How To Write With Style: Kurt Vonnegut

Kurt Vonnegut, in the anthology titled ‘How To Use The Power of the Printed Word’, mentioned 8 tips which would be helpful for any aspiring writer to develop a style. Here are those 8 tips:

  1. Find a subject you care about. Find a subject you care about and which you in our heart feel others should care about. It is this genuine caring, and not your games with language, which will be the most compelling and seductive element in your style.
  2. Do not ramble though. I won’t ramble on about that.
  3. Keep it simple. As for your use of language: Remember that two great masters of language, William Shakespeare and James Joyce, wrote sentences which were almost childlike when their subjects were most profound.
  4. Have the guts to cut. Your rule might be this: If a sentence, no matter how excellent, does not illuminate your subject in some new and useful way, scratch it out.
  5. Sound like yourself. The writing style which is most natural for you is bound to echo the speech you heard when a child. I myself find that I trust my own writing most, and others seem to trust it most, too, when I sound most like a person from Indianapolis, which is what I am. What alternatives do I have? The one most vehemently recommended by teachers has no doubt been pressed on you, as well: to write like cultivated Englishmen of a century or more ago.
  6. Say what you mean to say. I understand now that all those antique essays and stories with which I was to compare my own work were not magnificent for their datedness or foreignness, but for saying precisely what their authors meant them to say. Readers want our pages to look very much like pages they have seen before. Why? This is because they themselves have a tough job to do, and they need all the help they can get from us.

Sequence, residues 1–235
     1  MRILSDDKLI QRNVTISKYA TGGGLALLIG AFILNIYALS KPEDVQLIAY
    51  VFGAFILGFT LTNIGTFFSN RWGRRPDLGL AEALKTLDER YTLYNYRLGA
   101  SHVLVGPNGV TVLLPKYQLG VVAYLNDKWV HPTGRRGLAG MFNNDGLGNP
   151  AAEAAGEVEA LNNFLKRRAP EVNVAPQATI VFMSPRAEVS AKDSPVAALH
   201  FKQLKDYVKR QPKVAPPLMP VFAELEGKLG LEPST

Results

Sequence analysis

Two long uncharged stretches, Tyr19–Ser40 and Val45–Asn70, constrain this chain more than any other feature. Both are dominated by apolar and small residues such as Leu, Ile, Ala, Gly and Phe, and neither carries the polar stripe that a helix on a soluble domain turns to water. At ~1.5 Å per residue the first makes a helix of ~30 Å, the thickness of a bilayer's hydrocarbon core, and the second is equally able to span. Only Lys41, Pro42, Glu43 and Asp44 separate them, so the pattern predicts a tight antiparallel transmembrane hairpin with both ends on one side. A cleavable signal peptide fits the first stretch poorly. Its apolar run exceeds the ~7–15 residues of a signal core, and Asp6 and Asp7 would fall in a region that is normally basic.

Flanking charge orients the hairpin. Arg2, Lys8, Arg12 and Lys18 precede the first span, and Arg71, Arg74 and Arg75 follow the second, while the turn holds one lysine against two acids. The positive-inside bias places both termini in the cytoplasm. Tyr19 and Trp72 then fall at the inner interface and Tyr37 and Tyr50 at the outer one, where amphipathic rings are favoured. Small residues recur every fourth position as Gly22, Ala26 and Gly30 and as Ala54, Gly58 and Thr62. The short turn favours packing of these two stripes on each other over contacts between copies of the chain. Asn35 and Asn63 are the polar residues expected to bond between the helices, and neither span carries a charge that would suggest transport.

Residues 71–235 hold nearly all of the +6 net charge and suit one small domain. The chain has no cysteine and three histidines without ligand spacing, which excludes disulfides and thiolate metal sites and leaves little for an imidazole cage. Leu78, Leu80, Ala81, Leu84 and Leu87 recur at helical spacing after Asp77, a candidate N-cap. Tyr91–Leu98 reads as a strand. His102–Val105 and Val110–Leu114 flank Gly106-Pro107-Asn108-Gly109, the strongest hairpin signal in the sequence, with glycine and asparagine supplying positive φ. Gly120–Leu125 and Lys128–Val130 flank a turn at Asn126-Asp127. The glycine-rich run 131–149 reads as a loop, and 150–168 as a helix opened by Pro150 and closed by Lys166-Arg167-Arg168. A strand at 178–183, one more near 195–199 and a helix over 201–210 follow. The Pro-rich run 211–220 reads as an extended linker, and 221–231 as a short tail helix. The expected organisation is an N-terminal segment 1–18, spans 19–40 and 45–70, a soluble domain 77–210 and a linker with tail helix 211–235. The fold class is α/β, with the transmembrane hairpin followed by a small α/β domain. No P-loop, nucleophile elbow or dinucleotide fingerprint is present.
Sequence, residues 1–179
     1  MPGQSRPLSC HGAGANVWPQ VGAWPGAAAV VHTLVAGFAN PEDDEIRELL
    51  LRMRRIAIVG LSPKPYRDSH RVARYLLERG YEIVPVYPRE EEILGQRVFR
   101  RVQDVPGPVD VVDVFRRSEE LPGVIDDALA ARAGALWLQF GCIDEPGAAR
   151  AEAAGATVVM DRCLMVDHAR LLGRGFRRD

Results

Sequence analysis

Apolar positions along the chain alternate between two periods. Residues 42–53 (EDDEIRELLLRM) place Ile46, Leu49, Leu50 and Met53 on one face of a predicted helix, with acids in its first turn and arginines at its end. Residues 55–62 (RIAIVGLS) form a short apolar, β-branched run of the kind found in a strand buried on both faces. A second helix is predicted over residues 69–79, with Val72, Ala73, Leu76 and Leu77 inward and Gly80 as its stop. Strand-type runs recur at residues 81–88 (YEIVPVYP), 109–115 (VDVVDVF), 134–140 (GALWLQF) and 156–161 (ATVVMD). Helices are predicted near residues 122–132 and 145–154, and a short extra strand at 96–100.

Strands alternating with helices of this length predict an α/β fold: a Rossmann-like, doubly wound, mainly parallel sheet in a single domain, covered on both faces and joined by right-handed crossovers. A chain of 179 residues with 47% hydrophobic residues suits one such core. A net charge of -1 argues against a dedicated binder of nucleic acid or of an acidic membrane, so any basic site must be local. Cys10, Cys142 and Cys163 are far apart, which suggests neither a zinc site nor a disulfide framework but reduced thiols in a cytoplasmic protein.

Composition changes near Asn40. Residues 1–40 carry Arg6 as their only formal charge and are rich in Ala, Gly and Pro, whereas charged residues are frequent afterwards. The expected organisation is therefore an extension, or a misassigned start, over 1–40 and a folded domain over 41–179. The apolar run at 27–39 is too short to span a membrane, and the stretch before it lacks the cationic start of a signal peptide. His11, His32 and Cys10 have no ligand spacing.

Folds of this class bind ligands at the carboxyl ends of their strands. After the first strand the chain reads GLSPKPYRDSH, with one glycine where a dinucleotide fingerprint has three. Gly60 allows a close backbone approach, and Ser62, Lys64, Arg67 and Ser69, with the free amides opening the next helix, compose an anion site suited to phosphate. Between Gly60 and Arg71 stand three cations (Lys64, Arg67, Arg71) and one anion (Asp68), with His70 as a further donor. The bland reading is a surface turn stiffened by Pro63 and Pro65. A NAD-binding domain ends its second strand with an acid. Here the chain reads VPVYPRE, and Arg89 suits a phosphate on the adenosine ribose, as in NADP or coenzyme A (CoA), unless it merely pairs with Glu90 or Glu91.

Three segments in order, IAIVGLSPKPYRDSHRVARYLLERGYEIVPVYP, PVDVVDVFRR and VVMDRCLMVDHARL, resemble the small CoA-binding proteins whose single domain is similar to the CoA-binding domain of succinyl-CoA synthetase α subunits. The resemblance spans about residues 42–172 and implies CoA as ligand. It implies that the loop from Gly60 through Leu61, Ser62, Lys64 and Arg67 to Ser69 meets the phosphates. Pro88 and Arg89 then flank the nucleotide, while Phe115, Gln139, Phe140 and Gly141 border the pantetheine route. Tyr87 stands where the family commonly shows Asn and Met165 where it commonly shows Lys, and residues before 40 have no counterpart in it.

7. Pity the readers. They have to identify thousands of little marks on paper, and make sense of them immediately. They have to read, an art so difficult that most people don’t really master it even after having studied it all through grade school and high school — twelve long years.
  8. For really detailed advice. For a discussion of literary style in a narrower sense, in a more technical sense, I recommend to your attention The Elements of Style, by William Strunk, Jr. and E.B. White. E.B. White is, of course, one of the most admirable literary stylists this country has so far produced. You should realise, too, that no one would care how well or badly Mr. White expressed himself, if he did not have perfectly enchanting things to say.

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